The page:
Even looser styles, such as my trusty mom jeans, have a fairly rigid waistband, so if you know you’re going to be sitting for long periods, have a long day at work or will be eating a heavy meal, Mapson advises going for comfy clothes where you have “space to expand a little and stop if getting any more uncomfortable, especially during an IBS flare up.”
The good news is that most of the damaging effects are reversible, meaning that once the offending item of clothing is removed, you should feel better fairly quickly as your body starts to process food normally again.
Fellow IBS sufferer Lucy Wilson, 41, has also noticed a link between her wardrobe choices and her symptoms: “My clothes definitely have an impact on my IBS. Tight clothes can make me bloated straight away. Even just trying something on for five minutes can make my IBS flare up; I can end up bloated and dizzy and I’ll have to sit down. It’s a real struggle to find clothes to wear.”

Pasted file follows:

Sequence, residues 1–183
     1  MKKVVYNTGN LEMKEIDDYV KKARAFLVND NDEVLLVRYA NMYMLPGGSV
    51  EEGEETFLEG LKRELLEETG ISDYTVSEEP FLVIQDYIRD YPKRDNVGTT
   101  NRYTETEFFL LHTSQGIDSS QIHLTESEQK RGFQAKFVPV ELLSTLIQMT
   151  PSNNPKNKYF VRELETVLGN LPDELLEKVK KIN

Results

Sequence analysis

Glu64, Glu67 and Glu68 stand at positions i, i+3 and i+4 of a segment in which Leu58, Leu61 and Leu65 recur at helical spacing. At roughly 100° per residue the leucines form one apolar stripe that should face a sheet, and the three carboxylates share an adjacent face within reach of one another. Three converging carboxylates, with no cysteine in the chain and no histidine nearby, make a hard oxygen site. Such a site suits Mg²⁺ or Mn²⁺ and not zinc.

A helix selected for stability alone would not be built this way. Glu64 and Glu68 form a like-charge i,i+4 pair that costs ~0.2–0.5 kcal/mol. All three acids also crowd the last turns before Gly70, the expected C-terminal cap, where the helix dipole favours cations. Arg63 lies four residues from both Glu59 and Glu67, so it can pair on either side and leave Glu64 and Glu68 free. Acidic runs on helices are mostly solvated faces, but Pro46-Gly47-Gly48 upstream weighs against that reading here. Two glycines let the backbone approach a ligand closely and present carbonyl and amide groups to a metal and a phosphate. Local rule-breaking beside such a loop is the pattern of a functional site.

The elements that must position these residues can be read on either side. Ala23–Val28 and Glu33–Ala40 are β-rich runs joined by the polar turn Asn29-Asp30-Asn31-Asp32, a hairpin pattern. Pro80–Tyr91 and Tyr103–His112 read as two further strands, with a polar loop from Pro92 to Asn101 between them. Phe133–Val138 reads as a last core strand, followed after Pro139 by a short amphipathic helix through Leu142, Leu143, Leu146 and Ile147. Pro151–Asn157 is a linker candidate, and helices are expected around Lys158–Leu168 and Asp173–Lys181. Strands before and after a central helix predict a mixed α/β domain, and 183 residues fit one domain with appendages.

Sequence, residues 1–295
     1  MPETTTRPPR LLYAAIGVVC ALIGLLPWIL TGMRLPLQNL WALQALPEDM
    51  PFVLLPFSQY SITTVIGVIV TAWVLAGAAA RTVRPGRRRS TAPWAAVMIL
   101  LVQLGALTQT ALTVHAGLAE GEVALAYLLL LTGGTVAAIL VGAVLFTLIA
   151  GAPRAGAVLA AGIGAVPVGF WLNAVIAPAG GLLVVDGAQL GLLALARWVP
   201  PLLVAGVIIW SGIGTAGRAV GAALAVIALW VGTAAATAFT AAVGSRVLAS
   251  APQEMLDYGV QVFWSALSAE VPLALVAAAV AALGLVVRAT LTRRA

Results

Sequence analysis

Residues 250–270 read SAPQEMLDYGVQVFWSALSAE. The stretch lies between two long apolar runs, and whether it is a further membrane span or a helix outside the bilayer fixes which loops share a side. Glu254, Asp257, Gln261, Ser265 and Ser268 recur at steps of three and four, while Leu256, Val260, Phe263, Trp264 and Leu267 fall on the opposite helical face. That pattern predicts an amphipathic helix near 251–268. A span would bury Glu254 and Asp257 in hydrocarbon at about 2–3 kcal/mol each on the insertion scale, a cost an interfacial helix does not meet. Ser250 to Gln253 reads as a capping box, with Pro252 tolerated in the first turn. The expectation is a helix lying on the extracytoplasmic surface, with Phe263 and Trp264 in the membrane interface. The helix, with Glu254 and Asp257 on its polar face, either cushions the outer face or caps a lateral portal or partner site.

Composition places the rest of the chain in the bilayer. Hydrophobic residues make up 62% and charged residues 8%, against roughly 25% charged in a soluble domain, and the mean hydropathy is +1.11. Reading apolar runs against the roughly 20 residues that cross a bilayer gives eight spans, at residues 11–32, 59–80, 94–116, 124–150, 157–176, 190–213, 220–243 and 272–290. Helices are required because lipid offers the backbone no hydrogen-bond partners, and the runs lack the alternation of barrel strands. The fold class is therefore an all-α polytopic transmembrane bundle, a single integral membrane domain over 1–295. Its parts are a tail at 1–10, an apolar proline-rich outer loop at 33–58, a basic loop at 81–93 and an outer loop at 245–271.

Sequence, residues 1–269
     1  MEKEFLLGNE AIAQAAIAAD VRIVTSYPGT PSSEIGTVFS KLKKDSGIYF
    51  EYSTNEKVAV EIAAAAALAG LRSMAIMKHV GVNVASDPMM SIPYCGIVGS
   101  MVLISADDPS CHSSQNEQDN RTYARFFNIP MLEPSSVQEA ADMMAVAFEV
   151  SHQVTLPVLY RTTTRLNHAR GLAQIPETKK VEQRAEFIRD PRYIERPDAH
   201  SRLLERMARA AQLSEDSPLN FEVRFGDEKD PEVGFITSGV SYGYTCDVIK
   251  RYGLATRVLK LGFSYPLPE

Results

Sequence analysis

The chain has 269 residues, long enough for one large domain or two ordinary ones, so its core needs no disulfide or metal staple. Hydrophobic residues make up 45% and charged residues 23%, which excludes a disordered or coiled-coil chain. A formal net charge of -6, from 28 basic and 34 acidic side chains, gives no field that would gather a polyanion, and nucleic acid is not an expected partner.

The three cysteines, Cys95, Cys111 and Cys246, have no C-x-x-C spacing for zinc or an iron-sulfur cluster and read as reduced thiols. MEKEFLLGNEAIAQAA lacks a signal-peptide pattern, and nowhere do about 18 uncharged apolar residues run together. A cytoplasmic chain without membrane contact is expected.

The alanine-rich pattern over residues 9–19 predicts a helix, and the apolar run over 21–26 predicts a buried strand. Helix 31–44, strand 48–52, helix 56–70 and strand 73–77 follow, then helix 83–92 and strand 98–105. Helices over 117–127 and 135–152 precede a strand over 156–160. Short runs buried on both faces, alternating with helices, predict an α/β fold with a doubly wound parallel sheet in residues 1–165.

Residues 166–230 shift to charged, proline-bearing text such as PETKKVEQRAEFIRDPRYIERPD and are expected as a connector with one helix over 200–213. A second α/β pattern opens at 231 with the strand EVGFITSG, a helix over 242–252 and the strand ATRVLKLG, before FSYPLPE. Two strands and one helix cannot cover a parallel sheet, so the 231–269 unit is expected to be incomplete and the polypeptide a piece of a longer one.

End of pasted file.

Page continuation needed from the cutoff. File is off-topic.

Tight clothing can cause problems for many women, with or without IBS
For many women, no matter what causes their gut issues, finding clothes that are comfortable and stylish is a problem. Rosie Mullender, a 44-year-old writer, has had to completely overhaul her wardrobe in response to her poor gut health: “I very rarely wear jeans anymore as they’re so uncomfortable. Even if they fit in the morning, I’ll be desperate to take them off by the evening. I can’t wear slim-fitting dresses anymore and shapewear makes my stomach as tight as a drum. My clothes have a huge effect on how I feel, both physically and emotionally.”
Even if you don’t suffer from gut-related issues already, Mapson warns: “If digestion is constantly slowed down over months of consistently wearing tight clothing, you may be susceptible to small intestine bacterial overgrowth, known as SIBO. This is a condition where bacteria grow and ferment in the small intestine, as digestive transit is slowed by constriction. It can be treated with antibiotics or supplements but can take a long time to resolve.”